CAMPAIGN DIRECT: REVIEW (IN ASSOCIATION WITH ROYAL MAIL)

One of the many benefits of being a communications/integrated/through-the-line/media-neutral/whatever-you- want-to-call-it agency, is that you get to go to plenty of awards ceremonies and dip into lots of different industries.

One of the many benefits of being a

communications/integrated/through-the-line/media-neutral/whatever-you-

want-to-call-it agency, is that you get to go to plenty of awards

ceremonies and dip into lots of different industries.



However, no matter how different they all are, there is one thing that

unites them - apart from the fact they’re all fun, they all seem to

share an aching longing to be something other than they are.



Cannes, for example, would rather be a film festival, D&AD last year

tried to be Cannes, DMA and SPCA would like to be D&AD, and PR Week (to

our delight) would prefer to be a Bavarian beer festival. In this sense,

the John Caples International Awards are unique. Twenty years old this

year, they are dedicated to direct marketing and they’re damn proud of

what they are.



This was the first time FCA! had entered (all credit to Pamela Craik of

Craik Jones whose timely letter prompted our entries). In truth, we’d

heard bad reports about the world’s premier international direct

marketing awards. Tales abounded of long, laudatory speeches honouring

the inventors of the Pack Flash. And the work was described, at best, as

’highly effective’ - the creative equivalent of ’she’s got a nice

personality’. So, it was with low-to-no expec-tations that we arrived in

New York’s Times Square last Thursday, having been told that we had a

couple of winners.



What we discovered was pleasantly surprising. Here was an industry

gloriously devoid of pretence, where the rivalry was friendly rather

than bitchy, and sincere congratulations were offered by winners and

losers alike.



For example, after winning best individual print for our Proof reader

recruitment ad, we were approached by another winner who said she

thought we should have won her category as well. (Right! You can see

that happening at the Grovesnor House Hotel.)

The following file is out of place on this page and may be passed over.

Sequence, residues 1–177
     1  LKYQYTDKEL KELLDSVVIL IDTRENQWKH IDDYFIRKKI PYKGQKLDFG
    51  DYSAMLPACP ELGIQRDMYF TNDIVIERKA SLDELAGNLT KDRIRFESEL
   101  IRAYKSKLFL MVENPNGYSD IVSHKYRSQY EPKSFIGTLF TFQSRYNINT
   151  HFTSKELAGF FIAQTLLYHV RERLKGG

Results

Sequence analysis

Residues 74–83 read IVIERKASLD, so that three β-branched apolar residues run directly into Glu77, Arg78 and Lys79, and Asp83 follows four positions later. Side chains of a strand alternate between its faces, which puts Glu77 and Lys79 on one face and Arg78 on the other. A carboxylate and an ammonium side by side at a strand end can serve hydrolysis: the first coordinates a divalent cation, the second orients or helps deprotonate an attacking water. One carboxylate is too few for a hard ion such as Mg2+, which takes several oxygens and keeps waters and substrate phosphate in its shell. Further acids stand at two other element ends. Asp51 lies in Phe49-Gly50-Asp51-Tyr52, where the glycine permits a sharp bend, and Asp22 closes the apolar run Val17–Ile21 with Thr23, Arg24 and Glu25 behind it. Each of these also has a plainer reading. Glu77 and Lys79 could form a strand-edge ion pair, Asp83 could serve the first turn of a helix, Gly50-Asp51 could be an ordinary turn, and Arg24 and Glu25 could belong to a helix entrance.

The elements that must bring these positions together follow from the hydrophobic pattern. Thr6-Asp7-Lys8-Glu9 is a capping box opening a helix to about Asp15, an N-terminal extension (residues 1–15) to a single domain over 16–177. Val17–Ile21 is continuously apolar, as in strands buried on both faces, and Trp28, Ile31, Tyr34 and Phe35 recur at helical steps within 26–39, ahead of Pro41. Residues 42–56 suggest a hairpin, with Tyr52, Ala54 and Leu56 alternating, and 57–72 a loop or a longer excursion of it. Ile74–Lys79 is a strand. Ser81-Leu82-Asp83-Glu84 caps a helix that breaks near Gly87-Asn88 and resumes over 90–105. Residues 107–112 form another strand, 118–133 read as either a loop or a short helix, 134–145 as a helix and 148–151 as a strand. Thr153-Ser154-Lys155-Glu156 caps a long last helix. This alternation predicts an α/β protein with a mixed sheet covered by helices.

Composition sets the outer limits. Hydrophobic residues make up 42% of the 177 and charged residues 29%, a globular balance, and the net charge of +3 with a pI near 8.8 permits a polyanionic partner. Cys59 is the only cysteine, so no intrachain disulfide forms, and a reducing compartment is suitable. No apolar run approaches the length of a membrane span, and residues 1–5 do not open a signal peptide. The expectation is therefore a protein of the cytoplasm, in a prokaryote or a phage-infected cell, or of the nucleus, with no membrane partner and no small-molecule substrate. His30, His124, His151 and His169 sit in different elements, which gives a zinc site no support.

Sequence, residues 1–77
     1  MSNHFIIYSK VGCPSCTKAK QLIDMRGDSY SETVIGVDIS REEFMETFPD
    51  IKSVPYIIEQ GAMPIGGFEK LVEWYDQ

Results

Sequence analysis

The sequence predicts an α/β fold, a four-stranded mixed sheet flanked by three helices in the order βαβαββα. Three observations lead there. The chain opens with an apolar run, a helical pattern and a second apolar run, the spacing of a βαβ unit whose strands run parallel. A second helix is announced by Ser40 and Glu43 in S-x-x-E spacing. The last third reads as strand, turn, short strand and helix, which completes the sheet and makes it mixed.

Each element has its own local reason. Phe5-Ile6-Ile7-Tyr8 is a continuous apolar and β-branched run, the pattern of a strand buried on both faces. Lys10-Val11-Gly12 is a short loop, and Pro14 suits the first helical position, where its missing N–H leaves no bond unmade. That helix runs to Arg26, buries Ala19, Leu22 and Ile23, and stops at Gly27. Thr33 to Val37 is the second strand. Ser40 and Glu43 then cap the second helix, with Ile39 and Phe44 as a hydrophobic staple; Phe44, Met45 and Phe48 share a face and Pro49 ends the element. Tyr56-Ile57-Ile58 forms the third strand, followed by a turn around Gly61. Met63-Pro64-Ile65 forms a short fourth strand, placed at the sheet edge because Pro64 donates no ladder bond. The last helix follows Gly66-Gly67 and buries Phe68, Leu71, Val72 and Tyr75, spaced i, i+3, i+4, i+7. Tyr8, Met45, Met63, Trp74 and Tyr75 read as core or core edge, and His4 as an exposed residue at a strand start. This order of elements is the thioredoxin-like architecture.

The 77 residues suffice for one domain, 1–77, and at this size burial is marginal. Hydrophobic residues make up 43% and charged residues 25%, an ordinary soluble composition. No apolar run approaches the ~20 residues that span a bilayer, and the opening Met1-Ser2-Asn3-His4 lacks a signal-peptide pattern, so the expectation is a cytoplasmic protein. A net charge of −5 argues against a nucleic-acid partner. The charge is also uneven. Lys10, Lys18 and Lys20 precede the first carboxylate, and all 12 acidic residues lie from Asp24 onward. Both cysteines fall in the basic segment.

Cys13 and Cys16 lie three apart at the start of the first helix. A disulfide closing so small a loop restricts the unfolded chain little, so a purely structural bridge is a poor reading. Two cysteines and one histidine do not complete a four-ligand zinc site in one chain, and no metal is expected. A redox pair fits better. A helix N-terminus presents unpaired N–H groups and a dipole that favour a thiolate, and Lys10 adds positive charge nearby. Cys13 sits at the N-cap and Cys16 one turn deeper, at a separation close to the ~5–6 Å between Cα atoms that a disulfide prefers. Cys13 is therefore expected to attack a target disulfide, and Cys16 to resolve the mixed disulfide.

Most important, however, the work was, by and large, good - even if the

good work wasn’t always among the winners.



The Martin Agency (a name familiar to anyone with One Show an-nuals)

dominated TV with its work for Geico Auto Insurance. Geico also won gold

for best individual commercial. The spot features a man inspecting a

motor quote in the company of his dog. Suddenly the dog begins to

snigger. We are then treated to 15 seconds of an animatronic dog rolling

around the floor in hysterical laughter. ’Still paying too much for

motor insurance?’ reads the pay-off. ’Call Geico now on ...’. It’s

simple, has impact and is a refreshing reminder that DRTV doesn’t have

to have a bad actor, a complicated script and a phone number up

throughout to get results.



Just a good idea.



Paper-based direct marketing can be deathly dull and, in some

categories, the jury was right not to award any golds. Two pieces,

however, stuck in our minds - Hill Holiday’s mailing to IT managers on

behalf of FTP came in a three-foot box containing a lasso, with facts on

how FTP’s software could help you ’rope-in strays’ to your network.



And FCB Direct’s mailing for Religion in America, which, although

over-complicated, had a nice marketing idea in it. Under the headline,

’And now a word from our sponsors’ and showing pics of God, Moses,

Buddha and Jesus, was a CD containing six funny radio commercials for

DJs, asking them to fill spots with the free ideas. The result? Hundreds

of thousands of dollars of free airtime.



And now a word about the UK agencies. Craik Jones lifted a gold in the

courageous client category (yes, it is a great idea) with their ’blank

pack’ for the Independent, and TBWA Payne Stracey picked up two golds

for their work with Abbey Life and the AA.



Best in show went to a Florida client, Phoneworks, for a new-business

mailing: a FedEx package sent to marketing directors. Upon being opened,

by the PA, a wallet falls out with a yellow sticky attached saying

simply, ’I found your wallet.’



Inside is an identity card personalised with the marketing director’s

name, three dollars and a collection of newspaper clippings about the

agency. It even contains a packet of matches with the agency’s number

scribbled inside. It’s a great idea - as it was five years ago when

Craik Jones did it for Mercury. No wonder Pamela Craik wanted a few

witnesses there.



Religion in America Six funny radio commercials were sent to DJs. ’The

result? Hundreds of thousands of dollars of free airtime’



Geico Auto Insurance ’It’s simple, has impact and is a refreshing

reminder that DRTV doesn’t have to have a bad actor and a phone number

up throughout’



Proof reader ’After winning best individual print, we were approached by

another winner who said we should have won her category as well’



The Independent ’Won a gold in the courageous client category (yes, it

is a great idea)’



Phoneworks ’Upon being opened, a wallet falls out ... It’s a great idea

-as it was five years ago when Craik Jones did it for Mercury’



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